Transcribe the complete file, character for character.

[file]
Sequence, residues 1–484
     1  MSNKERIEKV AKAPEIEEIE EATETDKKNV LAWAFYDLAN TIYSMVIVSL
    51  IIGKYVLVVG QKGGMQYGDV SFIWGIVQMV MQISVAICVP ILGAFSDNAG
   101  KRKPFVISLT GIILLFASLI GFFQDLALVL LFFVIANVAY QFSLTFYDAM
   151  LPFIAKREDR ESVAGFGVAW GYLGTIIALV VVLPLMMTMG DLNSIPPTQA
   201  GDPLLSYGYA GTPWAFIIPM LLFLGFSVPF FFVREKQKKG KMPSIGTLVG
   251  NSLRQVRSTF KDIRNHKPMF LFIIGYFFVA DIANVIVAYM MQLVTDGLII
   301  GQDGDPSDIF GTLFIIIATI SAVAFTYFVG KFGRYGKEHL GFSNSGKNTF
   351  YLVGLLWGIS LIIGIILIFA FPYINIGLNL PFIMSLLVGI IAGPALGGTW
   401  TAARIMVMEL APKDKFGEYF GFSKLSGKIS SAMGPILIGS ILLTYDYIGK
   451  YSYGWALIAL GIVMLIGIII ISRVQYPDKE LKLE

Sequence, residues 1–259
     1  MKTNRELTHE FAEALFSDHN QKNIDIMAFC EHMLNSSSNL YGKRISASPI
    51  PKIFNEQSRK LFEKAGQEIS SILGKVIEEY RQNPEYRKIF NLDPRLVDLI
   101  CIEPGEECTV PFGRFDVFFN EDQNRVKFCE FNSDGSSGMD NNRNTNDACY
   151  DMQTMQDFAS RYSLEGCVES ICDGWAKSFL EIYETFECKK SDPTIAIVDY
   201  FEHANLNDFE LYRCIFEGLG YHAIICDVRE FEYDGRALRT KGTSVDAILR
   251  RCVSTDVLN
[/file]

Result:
Sequence, residues 1–484
     1  MSNKERIEKV AKAPEIEEIE EATETDKKNV LAWAFYDLAN TIYSMVIVSL
    51  IIGKYVLVVG QKGGMQYGDV SFIWGIVQMV MQISVAICVP ILGAFSDNAG
   101  KRKPFVISLT GIILLFASLI GFFQDLALVL LFFVIANVAY QFSLTFYDAM
   151  LPFIAKREDR ESVAGFGVAW GYLGTIIALV VVLPLMMTMG DLNSIPPTQA
   201  GDPLLSYGYA GTPWAFIIPM LLFLGFSVPF FFVREKQKKG KMPSIGTLVG
   251  NSLRQVRSTF KDIRNHKPMF LFIIGYFFVA DIANVIVAYM MQLVTDGLII
   301  GQDGDPSDIF GTLFIIIATI SAVAFTYFVG KFGRYGKEHL GFSNSGKNTF
   351  YLVGLLWGIS LIIGIILIFA FPYINIGLNL PFIMSLLVGI IAGPALGGTW
   401  TAARIMVMEL APKDKFGEYF GFSKLSGKIS SAMGPILIGS ILLTYDYIGK
   451  YSYGWALIAL GIVMLIGIII ISRVQYPDKE LKLE

Sequence, residues 1–259
     1  MKTNRELTHE FAEALFSDHN QKNIDIMAFC EHMLNSSSNL YGKRISASPI
    51  PKIFNEQSRK LFEKAGQEIS SILGKVIEEY RQNPEYRKIF NLDPRLVDLI
   101  CIEPGEECTV PFGRFDVFFN EDQNRVKFCE FNSDGSSGMD NNRNTNDACY
   151  DMQTMQDFAS RYSLEGCVES ICDGWAKSFL EIYETFECKK SDPTIAIVDY
   201  FEHANLNDFE LYRCIFEGLG YHAIICDVRE FEYDGRALRT KGTSVDAILR
   251  RCVSTDVLN